• cancel_id – An identifier which can be used for cancelling all tasks together. The same identifier should be passed to AsyncJobExecutor.cancel()

scatter(obj)[source]

Scatter obj throughout the cluster

Parameters

obj – Some kind of Python object or variable

Returns

Handle for the scattered obj

Return type

handle

class libertem.executor.pipelined.PipelinedWorkerContext(queue: WorkerQueue, msg_queue: WorkerQueue)[source]

A context object that is made available to the Partition for custom communication to its matching DataSet class (currently uni-directional)

class libertem.executor.pipelined.PoolWorkerInfo(queues, process, spec)[source]
process: Process

Alias for field number 1

queues: WorkerQueues

Alias for field number 0

spec: WorkerSpec

Alias for field number 2

class libertem.executor.pipelined.WorkerPool(worker_fn: Callable, spec: List[WorkerSpec])[source]

Combination of worker processes and matching request queues, and a single response queue.

Processes are started using the spawn method, so they need to use primitives that are compatible with spawn.

Take care to properly close queues and join workers at shutdown.

Note

We are not using the vanilla multiprocesing.Pool here, because we need to coordinate the sending and receiving side for each task, and we need to keep state on the worker, pin processes to cores etc.

class libertem.executor.pipelined.WorkerQueues(request, response, message)[source]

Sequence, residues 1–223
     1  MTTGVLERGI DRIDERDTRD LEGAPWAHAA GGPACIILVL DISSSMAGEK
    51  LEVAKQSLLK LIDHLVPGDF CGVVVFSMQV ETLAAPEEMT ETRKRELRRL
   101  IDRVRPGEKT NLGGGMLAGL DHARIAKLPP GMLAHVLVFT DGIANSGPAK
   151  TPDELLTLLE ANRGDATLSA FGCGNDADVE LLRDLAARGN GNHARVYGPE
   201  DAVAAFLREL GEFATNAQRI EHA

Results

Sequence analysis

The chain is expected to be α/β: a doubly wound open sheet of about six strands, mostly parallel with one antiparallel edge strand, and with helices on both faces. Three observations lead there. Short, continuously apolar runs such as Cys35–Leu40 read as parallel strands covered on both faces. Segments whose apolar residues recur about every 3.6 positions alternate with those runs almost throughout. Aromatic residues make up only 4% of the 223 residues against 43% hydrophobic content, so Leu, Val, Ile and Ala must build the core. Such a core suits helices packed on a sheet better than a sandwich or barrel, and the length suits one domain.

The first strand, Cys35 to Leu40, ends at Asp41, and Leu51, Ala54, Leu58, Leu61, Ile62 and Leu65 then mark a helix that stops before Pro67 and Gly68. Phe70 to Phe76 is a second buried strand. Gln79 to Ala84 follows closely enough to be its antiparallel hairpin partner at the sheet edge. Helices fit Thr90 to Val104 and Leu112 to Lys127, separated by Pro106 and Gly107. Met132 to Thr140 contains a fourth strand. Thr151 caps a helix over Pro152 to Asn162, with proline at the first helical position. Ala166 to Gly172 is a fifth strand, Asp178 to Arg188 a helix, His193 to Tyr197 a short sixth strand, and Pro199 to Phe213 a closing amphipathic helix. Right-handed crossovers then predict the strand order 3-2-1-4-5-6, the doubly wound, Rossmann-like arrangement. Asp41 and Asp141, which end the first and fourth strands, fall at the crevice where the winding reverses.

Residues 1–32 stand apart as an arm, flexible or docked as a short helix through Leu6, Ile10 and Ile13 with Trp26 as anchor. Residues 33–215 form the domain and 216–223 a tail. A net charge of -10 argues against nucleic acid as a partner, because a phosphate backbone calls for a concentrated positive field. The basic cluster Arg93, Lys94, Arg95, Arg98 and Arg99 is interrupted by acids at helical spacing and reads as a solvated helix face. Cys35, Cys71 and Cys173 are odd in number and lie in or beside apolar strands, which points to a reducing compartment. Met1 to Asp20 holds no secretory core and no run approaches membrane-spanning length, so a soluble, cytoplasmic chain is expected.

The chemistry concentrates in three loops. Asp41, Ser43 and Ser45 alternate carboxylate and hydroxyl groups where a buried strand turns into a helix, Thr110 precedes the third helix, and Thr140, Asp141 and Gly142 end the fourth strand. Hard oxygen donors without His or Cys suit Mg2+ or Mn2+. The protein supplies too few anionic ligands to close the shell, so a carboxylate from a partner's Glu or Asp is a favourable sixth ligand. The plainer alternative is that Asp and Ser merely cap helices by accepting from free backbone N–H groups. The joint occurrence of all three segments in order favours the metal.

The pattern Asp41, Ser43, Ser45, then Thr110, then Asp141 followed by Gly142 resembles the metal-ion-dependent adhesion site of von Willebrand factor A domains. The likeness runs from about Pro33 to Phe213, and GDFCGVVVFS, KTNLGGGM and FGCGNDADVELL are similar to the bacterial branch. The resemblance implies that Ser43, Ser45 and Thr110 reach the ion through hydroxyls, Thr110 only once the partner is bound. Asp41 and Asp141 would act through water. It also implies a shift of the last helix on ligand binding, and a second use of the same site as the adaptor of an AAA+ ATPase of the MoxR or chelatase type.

message: WorkerQueue

Alias for field number 2

request: WorkerQueue

Alias for field number 0

response: WorkerQueue

Alias for field number 1

class libertem.executor.pipelined.WorkerSpec(_typename, _fields=None, /, **kwargs)[source]
libertem.executor.pipelined.pipelined_worker(queues: WorkerQueues, pin: bool, spec: WorkerSpec, span_context: SpanContext, early_setup: Optional[Callable] = None)[source]

Main pipelined worker function.

Parameters
  • queues – request and response queues

  • pin – Whether or not the CPU worker should be pinned to a specific CPU

  • spec – This worker’s spec, containing name, worker index, device kind etc.

  • span_context – The tracing span we should attach to for the setup code

  • early_setup – Function that will be called very early in the setup code, allowing to inject custom functionality or specific warmup code

libertem.executor.pipelined.set_thread_name(name: str)[source]

Set a thread name; mostly useful for using system tools for profiling

Parameters

name (str) – The thread name

libertem.executor.pipelined.worker_loop(queues: WorkerQueues, work_mem: Dict, worker_idx: int, env: Environment)[source]

The worker main loop, called when the worker setup is done. Waits for messages on the request queue until a SHUTDOWN message is received.

Parameters
  • work_mem – The worker’s working memory, for accessing scattered data

  • queues – request and response queues

  • worker_idx – This worker’s index

  • env – The Environment for preparing thread counts etc. for the UDF run

libertem.executor.pipelined.worker_run_function(header, queues, worker_idx)[source]

Called from the worker main loop when a RUN_FUNCTION message is received

Parameters
  • header – The header of the message that was received

  • queues – request and response queues

  • worker_idx – This worker’s index

libertem.executor.pipelined.worker_run_task(header: Dict, work_mem: Dict, queues: WorkerQueues, worker_idx: int, env: Environment)[source]

Called from the worker main loop when a RUN_TASK message is received

Parameters
  • header – The header of the message that was received

  • work_mem – The worker’s working memory, for accessing scattered data

  • queues – request and response queues

  • worker_idx – This worker’s index

  • env – The Environment for preparing thread counts etc. for the UDF run